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    This has the effect of permitting me to pull the negative at just the right point, where the shadows have adequate detail (or all the detail they're gonna get with the exposure they've been given) while the highlights aren't too dense.
    I always hear about people developing by inspection, but I never can tell much about a print until I turn the white lights on. Do you have a very bright safelight right over your developing tray, or use an amber safelight?

    I find glossy much better if you plan on contact printing, there's simply more detail transfered in the printing process.
    Very interesting; I will consider trying glossy paper now that I have some. I have been told that using glossy paper in some cameras (like those with curved film planes) can cause nasty artifacts from reflection.

  5. #15
    Joe VanCleave's Avatar
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    You're right about reflections in curved film plane cameras.

    I use a single red safelight bulb (the type that's a red-painted but otherwise bare bulb) about 4-5 feet from the developer tray.

    At first it's a bit hard to tell whether the highlights have gotten too dense, but with experience you'll get a feel for how dark it looks under red lights equates to a certain density under white lights. Good dark adapted eyes and get in close to the negative in order to see the subtle detail in the highlights.

    For the shadows it's pretty easy, you're looking for some detail below paper white as the darkest part of your negative that still has detail. You'll have to wait on this to happen, as the dense highlights come up first in the developer. The trick is allowing sufficient time for the shadow detail to come up adequately while not blowing the highlights too dense.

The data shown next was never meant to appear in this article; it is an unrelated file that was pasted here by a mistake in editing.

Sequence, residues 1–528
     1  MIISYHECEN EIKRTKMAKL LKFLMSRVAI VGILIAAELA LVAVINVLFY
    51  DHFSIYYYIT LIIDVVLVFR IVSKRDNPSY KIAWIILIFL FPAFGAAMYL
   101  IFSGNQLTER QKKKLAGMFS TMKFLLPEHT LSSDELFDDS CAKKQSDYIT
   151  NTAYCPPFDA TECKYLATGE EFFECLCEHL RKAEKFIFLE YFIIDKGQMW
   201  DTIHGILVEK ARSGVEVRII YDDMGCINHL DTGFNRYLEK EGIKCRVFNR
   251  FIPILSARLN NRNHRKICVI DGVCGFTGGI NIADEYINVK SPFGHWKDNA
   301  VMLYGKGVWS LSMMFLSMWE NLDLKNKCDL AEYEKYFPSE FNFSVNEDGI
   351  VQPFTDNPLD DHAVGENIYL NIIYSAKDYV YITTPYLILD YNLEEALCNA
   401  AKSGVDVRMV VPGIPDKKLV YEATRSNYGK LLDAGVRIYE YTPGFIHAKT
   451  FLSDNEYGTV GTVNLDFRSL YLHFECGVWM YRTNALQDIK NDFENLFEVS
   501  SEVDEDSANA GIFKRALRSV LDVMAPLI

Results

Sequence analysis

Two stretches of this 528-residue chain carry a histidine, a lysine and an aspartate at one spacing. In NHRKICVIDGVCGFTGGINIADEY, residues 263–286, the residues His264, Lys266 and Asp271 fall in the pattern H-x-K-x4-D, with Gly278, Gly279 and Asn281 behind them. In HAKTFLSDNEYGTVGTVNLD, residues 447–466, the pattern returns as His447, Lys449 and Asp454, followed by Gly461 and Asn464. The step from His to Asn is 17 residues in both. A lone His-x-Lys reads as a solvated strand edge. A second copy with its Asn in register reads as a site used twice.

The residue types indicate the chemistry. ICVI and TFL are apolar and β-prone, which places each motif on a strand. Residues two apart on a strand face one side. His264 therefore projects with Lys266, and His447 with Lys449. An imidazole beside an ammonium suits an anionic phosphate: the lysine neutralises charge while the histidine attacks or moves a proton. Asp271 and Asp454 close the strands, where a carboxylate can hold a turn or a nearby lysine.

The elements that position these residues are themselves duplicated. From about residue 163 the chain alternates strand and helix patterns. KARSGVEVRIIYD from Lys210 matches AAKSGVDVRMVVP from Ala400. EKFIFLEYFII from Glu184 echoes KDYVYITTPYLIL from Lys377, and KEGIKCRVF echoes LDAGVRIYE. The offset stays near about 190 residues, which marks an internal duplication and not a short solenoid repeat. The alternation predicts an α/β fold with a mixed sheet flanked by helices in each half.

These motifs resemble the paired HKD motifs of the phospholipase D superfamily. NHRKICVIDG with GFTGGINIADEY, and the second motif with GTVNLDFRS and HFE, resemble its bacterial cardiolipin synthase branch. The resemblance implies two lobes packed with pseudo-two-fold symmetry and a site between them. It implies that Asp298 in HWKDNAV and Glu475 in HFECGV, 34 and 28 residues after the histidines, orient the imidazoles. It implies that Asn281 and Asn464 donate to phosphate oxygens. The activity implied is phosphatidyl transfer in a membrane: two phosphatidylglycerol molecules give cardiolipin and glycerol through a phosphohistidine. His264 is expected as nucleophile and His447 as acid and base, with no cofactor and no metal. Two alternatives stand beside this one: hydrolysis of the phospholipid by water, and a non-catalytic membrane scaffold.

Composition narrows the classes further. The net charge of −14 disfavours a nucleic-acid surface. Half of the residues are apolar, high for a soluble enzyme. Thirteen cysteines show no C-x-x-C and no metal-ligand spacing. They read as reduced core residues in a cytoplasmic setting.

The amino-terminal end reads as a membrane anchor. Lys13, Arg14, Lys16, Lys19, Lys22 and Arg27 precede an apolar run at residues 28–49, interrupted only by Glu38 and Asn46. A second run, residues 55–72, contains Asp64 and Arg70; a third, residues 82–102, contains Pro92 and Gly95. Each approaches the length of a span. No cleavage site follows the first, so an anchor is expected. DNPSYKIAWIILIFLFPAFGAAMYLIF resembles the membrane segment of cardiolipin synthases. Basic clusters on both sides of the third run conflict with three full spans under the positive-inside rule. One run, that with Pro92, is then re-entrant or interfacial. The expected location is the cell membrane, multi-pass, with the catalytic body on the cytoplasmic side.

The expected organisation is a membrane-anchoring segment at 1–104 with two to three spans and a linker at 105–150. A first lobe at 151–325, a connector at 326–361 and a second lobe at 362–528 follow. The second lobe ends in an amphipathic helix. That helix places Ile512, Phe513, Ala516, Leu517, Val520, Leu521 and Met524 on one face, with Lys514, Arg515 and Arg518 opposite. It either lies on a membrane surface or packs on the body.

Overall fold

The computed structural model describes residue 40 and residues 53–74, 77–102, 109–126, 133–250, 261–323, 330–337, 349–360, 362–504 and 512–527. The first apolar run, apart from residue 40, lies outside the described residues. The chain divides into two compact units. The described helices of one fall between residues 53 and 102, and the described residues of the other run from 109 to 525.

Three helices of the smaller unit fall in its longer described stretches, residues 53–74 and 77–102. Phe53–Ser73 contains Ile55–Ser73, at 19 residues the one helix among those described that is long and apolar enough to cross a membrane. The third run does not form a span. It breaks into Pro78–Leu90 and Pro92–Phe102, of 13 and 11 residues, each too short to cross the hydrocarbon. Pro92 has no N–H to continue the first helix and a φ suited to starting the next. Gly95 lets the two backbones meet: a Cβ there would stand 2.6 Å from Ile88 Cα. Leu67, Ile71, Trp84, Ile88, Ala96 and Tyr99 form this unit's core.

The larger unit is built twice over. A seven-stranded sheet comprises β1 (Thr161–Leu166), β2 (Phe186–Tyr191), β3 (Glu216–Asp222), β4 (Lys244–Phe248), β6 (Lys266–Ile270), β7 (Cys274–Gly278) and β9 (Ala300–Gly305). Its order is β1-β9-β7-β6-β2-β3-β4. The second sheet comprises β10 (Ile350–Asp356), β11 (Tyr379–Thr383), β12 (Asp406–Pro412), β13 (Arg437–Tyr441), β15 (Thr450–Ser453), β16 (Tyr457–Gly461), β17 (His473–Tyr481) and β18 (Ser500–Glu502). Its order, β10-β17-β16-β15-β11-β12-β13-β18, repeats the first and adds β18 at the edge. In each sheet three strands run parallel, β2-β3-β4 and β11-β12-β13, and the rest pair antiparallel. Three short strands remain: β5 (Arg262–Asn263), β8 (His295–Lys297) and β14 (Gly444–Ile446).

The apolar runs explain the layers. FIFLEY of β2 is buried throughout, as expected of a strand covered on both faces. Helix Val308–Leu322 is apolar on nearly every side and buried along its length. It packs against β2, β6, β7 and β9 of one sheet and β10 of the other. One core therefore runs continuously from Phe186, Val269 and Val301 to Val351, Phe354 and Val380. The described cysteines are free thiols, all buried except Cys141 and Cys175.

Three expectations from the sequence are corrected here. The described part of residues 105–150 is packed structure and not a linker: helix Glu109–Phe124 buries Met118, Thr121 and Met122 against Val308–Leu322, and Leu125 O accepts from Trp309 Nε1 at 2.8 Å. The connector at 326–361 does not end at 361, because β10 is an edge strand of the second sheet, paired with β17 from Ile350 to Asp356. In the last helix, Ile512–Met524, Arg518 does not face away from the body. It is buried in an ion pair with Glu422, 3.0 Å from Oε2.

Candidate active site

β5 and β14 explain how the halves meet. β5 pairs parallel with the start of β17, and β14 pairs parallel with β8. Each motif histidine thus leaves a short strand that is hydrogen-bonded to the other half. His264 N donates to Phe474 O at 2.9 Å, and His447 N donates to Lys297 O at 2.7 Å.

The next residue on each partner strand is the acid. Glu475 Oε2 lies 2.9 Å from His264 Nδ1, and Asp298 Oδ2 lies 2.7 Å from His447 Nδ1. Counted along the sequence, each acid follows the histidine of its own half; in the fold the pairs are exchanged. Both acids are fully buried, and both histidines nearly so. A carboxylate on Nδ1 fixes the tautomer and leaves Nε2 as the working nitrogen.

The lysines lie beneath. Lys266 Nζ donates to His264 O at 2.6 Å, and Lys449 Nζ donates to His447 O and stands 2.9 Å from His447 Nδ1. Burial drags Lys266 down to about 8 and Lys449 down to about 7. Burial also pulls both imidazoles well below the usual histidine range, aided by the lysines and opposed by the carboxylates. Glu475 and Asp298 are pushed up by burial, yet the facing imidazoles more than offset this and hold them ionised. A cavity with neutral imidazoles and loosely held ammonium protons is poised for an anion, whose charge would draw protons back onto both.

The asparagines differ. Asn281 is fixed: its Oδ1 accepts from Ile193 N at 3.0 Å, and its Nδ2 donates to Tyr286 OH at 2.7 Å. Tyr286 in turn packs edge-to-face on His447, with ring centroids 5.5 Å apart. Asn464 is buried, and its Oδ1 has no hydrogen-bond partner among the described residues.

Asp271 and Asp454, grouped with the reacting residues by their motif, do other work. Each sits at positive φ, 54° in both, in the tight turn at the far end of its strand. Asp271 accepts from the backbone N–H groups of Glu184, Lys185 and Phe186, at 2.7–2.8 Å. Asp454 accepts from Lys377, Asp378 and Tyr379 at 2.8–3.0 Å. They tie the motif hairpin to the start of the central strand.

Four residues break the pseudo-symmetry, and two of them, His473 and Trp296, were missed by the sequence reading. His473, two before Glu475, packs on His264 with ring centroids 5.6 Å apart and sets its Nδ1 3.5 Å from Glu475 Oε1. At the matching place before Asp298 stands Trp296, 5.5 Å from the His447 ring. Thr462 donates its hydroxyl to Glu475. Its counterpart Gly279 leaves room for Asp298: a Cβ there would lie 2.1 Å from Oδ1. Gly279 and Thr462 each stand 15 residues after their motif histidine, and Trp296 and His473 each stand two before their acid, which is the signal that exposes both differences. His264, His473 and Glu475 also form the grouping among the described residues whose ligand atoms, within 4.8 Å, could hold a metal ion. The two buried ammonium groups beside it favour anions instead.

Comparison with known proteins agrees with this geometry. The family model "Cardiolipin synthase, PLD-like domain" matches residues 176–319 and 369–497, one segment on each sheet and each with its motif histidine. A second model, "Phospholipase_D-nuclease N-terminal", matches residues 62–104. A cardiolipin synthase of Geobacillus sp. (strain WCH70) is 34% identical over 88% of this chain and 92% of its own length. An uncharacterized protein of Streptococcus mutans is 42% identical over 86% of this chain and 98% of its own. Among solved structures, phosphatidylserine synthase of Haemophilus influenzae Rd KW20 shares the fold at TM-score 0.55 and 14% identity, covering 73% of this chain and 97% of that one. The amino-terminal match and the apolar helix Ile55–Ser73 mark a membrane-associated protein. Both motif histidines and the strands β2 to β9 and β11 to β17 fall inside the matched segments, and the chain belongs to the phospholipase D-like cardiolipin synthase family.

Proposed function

Also realize what parts of your image will have no shadow detail even if left in the developer overnight; you want to ignore these areas when assessing the development of the image.

    And for landscape images taken with paper negatives, you want to ignore the density of the sky. It's going to get real dark, because it's full of blue/UV light and you have to over-expose it to get adequate exposure on the landscape itself.

    The quality of the mid-tones will tell you a lot about how good the negative is going to be. I can spot it in the tray, when the mid-tones have that full look about them, you know it's going to print well.

    The nice thing about paper is that it's cheap to experiment until you get a feel for the materials, exposures and development.

    ~Joe

  6. #16

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    I've been trying to perfect my paper-neg use for the last few months. Been there, done that for most papers but recently I like the look of some where I've used old Brovira FB medium weight and after development I carefully and painstakingly use varying grades of sandpaper (the white no-clog type) to make the paper thinner & more transparent. Yeah I know... there are probably easier ways but I enjoy the 'sheltered workshop' method. Also have been tinkering with both wax and cooking oils for increased transparency. Wax very difficult to coat evenly but the look can be almost 'gumoil' when printed.